Well, fundie, that's the bet. If the doctors do that, I'll pay for the MRI and for the newspaper ads. Otherwise, you pay for the MRI." (A full body scan would cost several thousand dollars.)

And I would counter with a bet that you'll get no takers. But you might get some silly Babble-quote, like "That which is flesh is flesh, that which is spirit is spirit."...or something like that.

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  • 2 weeks later...

My only question is why this is titled Answer to a Deist about death? We Deists are much like you Agnostics and Atheists in our outlook on an Afterlife. This OP seems to lump us in with the Christ Cultists yearning for eternal life. This is a false assumption, we have no dogma advocating a paradise that we all go to after dying (in fact we have no dogma at all), nor do we believe in a hot place for those of us how live an immoral life (incidentally we believe morality is not a religious thing but rather a societal thing). We are freethinkers, just as you are and allies in the struggle against the stupidity and evilness of organized revealed religions, so why ar we being insulted? - Heimdall :yellow:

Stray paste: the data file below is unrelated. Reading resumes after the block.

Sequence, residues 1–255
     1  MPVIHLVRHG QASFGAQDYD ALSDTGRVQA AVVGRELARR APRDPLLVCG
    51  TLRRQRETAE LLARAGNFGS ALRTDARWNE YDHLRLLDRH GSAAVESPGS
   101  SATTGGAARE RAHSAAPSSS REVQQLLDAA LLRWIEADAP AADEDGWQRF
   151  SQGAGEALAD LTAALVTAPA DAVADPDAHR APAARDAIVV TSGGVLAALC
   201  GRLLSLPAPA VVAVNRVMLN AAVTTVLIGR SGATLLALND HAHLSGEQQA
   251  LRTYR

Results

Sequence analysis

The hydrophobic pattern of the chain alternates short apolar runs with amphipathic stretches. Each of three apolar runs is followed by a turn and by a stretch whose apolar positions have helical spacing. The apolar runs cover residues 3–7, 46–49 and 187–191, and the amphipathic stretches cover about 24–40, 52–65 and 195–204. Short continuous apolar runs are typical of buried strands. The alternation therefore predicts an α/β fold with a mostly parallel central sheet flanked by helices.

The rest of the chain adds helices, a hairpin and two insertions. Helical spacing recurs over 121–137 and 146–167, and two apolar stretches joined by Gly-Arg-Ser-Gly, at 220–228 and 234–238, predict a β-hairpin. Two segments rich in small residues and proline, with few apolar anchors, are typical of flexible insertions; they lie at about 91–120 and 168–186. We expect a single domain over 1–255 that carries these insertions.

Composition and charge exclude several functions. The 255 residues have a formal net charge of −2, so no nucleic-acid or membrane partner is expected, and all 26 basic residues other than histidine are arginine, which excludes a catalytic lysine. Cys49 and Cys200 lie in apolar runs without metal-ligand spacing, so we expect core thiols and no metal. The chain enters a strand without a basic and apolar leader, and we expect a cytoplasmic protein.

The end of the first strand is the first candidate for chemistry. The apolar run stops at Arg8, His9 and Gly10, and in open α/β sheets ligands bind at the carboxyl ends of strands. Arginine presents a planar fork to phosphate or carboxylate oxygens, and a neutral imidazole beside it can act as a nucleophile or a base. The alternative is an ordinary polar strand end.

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Roy,

 

from that description you're either leaving your body to a body farm, or expecting to be the victim of a serial killer, based on your composting down description... You're just showing off...

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Like Hemi, I am also a deist. I do not believe in a "life after death". When my heart and brain stops functioning that is it. I die. That being said, I read in the most recent Discover Magazine an article on near death experiences. I was only able to take a glance through it, but it was talking about a subatomic feature of our brains that they believe exists and never dies. It contues. What happens to it? Reincarnation? Here ihttp://discovermagazine.com/2007/jun/soul-searchs the link;